Penn College wrestling program reaches new heights

Published 02.24.2019

Wildcat Weekly

In just two seasons, coach Jamie Miller has taken the Pennsylvania College of Technology wrestling program to new heights.

A year ago, one Penn College wrestler became the first in school history to place in a NCAA Division III regional tournament. On Saturday, four joined the ranks and the Wildcats finished 11th in a 20-team field.

For the second year in a row, Jared Mooney, of Palmerton, finished fourth in the 197-pound weight class. A sophomore, Mooney was joined by junior Dylan Otis, of Wyalusing, at 285 pounds, who also placed fourth, while Dan Bergeron, a sophomore from Jackson, New Jersey, at 165, and Dylan Gettys, a sophomore from Etters, at 174, both finished sixth in Southeast Regional competition held over two days at Lycoming College.

Also competing for Penn College were Colin Jens, a freshman from Centreville, Maryland, at 133; Gavin Link, a freshman from Gallitzin, at 141; Jesse Walker, a freshman from Ridgefield, Connecticut; at 149; Alec Dickey, a freshman from Williamsport, at 157; and Colin Browne, a freshman from Wilkes-Barre, at 184. All bowed out on the first day, but Jens, Walker and Browne did so with one win.

The top three in each weight move on to national competition in March and, of the four from Penn College who placed, Otis (36-11 on the season) came the closest to making the cut when, leading 2-1 in his last bout, his opponent recorded a match-winning takedown with time expiring.

“Thinking about the gravity of that match, the weight that was on that poor kid’s shoulders, for it to end like that it was just devastating. But we preach all the time that it’s not about wins and losses … it’s about the effort that you give, the camaraderie that we build, sportsmanship, team atmosphere, the culture. … At the end of the day, these guys who aren’t returning – Mooney, Gettys and Otis – are going to be successful people,” Miller said. “That’s our ultimate goal: We’re developing successful people, not just winners in wrestling matches.

“Those guys did a lot for our program, none more so than Otis. He was here when I got here and nobody has put this program on their back more than that guy has. … From an impact perspective, you have a guy that took the program from a club team to a NCAA program and was its leader as we were getting our feet under us.”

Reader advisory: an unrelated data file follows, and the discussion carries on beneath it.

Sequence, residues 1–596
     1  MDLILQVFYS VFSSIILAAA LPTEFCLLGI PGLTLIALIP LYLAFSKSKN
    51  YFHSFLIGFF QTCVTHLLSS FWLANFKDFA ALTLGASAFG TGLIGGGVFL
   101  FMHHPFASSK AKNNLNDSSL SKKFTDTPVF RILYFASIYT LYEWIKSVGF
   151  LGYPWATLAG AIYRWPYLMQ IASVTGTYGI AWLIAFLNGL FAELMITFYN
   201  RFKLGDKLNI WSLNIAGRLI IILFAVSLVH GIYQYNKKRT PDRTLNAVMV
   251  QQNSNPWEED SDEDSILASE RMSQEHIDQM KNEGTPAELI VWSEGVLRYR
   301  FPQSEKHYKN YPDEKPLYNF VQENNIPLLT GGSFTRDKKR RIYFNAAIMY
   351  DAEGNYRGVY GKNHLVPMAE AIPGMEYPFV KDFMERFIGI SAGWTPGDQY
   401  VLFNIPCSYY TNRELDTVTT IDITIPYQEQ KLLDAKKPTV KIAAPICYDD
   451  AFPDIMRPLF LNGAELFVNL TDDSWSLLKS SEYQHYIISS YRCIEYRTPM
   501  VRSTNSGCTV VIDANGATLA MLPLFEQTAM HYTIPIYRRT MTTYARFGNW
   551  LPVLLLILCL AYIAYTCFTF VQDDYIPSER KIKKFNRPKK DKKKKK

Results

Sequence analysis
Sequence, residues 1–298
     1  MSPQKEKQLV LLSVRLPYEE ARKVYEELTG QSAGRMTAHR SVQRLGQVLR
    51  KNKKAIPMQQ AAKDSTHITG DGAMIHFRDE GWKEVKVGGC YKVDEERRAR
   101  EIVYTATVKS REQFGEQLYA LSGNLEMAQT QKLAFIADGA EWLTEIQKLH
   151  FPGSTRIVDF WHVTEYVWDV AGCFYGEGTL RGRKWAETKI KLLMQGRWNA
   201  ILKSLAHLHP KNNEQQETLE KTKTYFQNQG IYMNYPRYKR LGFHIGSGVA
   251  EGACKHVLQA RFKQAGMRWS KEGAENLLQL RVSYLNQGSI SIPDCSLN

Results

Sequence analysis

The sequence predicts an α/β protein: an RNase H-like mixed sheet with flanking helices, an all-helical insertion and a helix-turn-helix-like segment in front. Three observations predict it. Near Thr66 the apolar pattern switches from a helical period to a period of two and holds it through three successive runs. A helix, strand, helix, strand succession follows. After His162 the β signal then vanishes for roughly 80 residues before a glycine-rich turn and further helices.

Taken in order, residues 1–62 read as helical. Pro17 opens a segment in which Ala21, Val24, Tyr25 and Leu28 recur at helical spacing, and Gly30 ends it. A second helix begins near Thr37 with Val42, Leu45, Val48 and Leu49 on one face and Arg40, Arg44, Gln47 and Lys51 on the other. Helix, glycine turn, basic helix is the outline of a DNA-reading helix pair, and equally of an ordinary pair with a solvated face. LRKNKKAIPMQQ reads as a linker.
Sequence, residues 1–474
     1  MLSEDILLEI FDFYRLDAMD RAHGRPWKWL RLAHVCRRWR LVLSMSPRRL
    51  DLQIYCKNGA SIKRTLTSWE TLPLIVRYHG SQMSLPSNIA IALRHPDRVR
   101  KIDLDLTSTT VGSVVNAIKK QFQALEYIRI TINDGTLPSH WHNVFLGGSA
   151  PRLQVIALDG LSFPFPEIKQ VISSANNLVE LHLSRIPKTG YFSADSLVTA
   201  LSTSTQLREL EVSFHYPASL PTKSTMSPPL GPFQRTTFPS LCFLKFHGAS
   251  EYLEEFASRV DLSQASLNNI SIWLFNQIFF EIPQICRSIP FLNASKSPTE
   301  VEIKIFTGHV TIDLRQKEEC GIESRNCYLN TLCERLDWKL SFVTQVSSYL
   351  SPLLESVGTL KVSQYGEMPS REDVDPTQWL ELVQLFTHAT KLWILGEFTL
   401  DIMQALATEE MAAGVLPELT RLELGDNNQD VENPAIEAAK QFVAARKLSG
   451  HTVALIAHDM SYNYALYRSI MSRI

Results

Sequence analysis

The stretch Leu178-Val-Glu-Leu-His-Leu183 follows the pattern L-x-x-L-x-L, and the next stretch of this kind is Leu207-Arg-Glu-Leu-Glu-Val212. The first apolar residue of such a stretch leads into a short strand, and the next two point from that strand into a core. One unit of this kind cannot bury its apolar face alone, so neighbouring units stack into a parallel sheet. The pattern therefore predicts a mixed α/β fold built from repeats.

Mooney ended his season with a 33-16 record, Gettys finished 29-15 and Bergeron ended 23-22.

The 11th-place team finish was Penn College’s best at a regional event and capped a season that included a 12-16 record in dual matches – the 12 wins also is a school best in its NCAA era that began in 2014-15.

“The priority from last year to this year was increasing our numbers. We wanted to be more competitive in dual meets and, in order to do that, we had to fill more weight classes,” Miller said.

“The challenge comes in that you don’t want to sacrifice quality for quantity. I think we effectively added to our core numbers-wise without sacrificing from a talent or culture perspective. … We’ve maintained a culture of teamwork and support and hard work and commitment.

“(A) national qualifier is always going to be a goal for us, but we balance that with the team aspect. We’re trying not to take the team aspect out of the sport.”

Commenting on the progress he’s seen, Miller said, “This year, we had four guys in the semifinals. That was certainly uncharted territory for us. We’ve set the bar really high for ourselves next year. There were a lot of really good programs at that tournament that didn’t have four guys in the semifinals.

“Last year was about experience. This year was about making a statement and making some strides, which we did. Next year, we’ve just got to finish. We didn’t capitalize. We didn’t finish. But we got there and that’s a step in the right direction.”

Looking ahead, Miller points to a solid eight-man nucleus on which to build.

“We’re excited about where the program is headed because our foundation continues to expand. Our recruiting class looks great. I couldn’t be more excited about the recruits we have coming in next year. They’re going to elevate the performance in our practice room and on the competition stage,” the coach said.

Men's basketball
In their first year under coach Geoff Hensley, the Wildcats matched last year’s records of 3-22 overall and 2-14 in the North Eastern Athletic Conference.

“I’m very pleased with the amount of improvement that our team showed from the beginning of the year to the end of the year. It was almost night and day as far as the way we were playing as a team,” Hensley said. “Coming down the stretch, finishing the year, we were in every ballgame pretty much.

“We kept working hard. We kept getting better. And I attribute that to our players’ willingness to do whatever it takes to win. … It was a lot of fun, as a coach, to see it all come together.”